The Washington PostDemocracy Dies in Darkness

It’s up to Congress to keep or kill the Iran nuclear deal. Here’s how lawmakers could do either.

President Trump criticized the Iran nuclear deal and called the Iranian government a “corrupt dictatorship” while addressing the U.N. on Sept. 19. (Video: Reuters)
Placeholder while article actions load

This week, President Trump is expected to announce that he doesn't think Iran is complying with a global 2015 nuclear deal — and that he'll leave the fate of the pact in Congress's hands.

From there, lawmakers will have 60 days to act on a range of options. They can tear up the United States' involvement in the deal, or try to get Europe and the United Nations on board with making changes, or do nothing at all.

Here are the four main options available to them, listed in order of most to least damaging to the deal itself. It's not clear which option Congress will choose.

1. Impose sanctions on Iran: Either new or old ones. This would be the most aggressive thing Congress could do. It would effectively end the United States' involvement in the deal and potentially end the global deal itself, as the whole reason for Iran to come to the negotiating table is to be able to do business with countries that had closed it off. Iranian President Hassan Rouhani has warned that Iran could end its side of the deal “within hours” if Congress imposes new sanctions.

Who's advocating this: Hardly anyone. Yet.

Is it likely? No. Trump has called the Iran deal “one of the worst deals I've ever seen,” but if he wanted to tear it up, he would have either decertified it earlier this year when he had the opportunity or tried to issue new sanctions. He hasn't done either, and the The Washington Post's Anne Gearan and Karoun Demirjian report that he doesn't plan to recommend that Congress tear up the deal by imposing sanctions either.

Even some of the Iran deal's most vocal opponents want to try No. 2 first.

2. Try to get other countries to renegotiate the deal: Congress could send a message to the rest of the world that it wants to change the deal. It could do this by voting on a resolution that says the United States wants to extend restrictions on Iran's nuclear plan indefinitely instead of ending it in a decade. Or it could require Iran to stop testing ballistic missiles if it wants to keep the deal. (This summer, Congress passed a bill that sanctions Iran for testing ballistic missiles.) Supporters of this proposal argue that under the current deal, Iran's path to a nuclear bomb is just delayed.

Who's advocating this: Sen. Tom Cotton (R-Ark.), one of the Iran deal's most vocal opponents, has called this option “coercive diplomacy.” If it doesn't work, he wants Congress to revisit tearing up the deal by imposing sanctions.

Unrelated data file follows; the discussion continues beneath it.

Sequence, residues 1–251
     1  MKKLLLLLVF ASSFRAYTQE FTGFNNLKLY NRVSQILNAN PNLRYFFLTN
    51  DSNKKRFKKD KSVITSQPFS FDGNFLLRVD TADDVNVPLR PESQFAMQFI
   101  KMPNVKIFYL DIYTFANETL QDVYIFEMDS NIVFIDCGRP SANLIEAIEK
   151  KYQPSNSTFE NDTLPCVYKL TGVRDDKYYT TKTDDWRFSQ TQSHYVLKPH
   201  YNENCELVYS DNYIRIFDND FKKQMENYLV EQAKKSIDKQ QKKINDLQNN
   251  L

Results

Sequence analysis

“The world needs to know we’re serious, we’re willing to walk away, and we’re willing to reimpose sanctions,” he told the Council on Foreign Relations last week.

Is it likely? Cotton is optimistic, but at least one international expert isn't. The European Union and the United Nations have said the deal is working, so why would they join the United States to renegotiate it, said Anthony Cordesman, a military strategy consultant with the Center for Strategic and International Studies. “Who on Earth is going to be persuaded? What are you going to do? Threaten to beat them to death in the alley if they don't join us?”

Some of Trump's top advisers, including Defense Secretary Jim Mattis, think Iran is cooperating, too.

Defense Secretary James Mattis was asked whether it was in the U.S. national interest to stay in the Iran nuclear deal. After pausing, he answered yes. (Video: U.S. Senate Committee on Armed Services)

How to argue about the Iran deal

3. Hold hearings that tsk tsk Iran: Consider this a subtler way for Congress to urge the international community to renegotiate the deal. The aim would be to press Iran to get in line and world powers to force Iran into a tougher deal. “Hearings are weapons,” Cordesman said.

Who's advocating this: Sen. Bob Corker (R-Tenn.), chairman of the Senate Foreign Relations Committee, isn't ruling it out. “I think that we may well have some legislative opportunities coming up soon relative to Iran,” he told reporters last week.

Is it likely? Yes. Before Congress considers any legislative options, it probably will hold hearings. And Republicans could put together hearings that showcase experts who think Iran isn't holding up its end of the bargain.

4. Do nothing: Trump decertifying the deal would be mostly symbolic. It would signal to the international community that he doesn't think the deal is in the national security interests of the United States. But it would not actually pull the United States out of the deal. That's up to Congress. Congress could fail to act, and the deal would stay in place.

Who's advocating this: Democrats. They largely want to keep the deal intact, in part because they think tearing it up with sanctions would undermine U.S. credibility with the rest of the world. “Leaving the [deal] at this point, absent concrete facts and material determinations, would isolate us from our allies and partners,” Sen. Benjamin L. Cardin (Md.), the ranking Democrat on the Senate Foreign Relations Committee, said in a statement.

Is it likely? Yes. Republicans control a majority in both chambers, but in the Senate, Democrats could filibuster any legislation changing the Iran deal.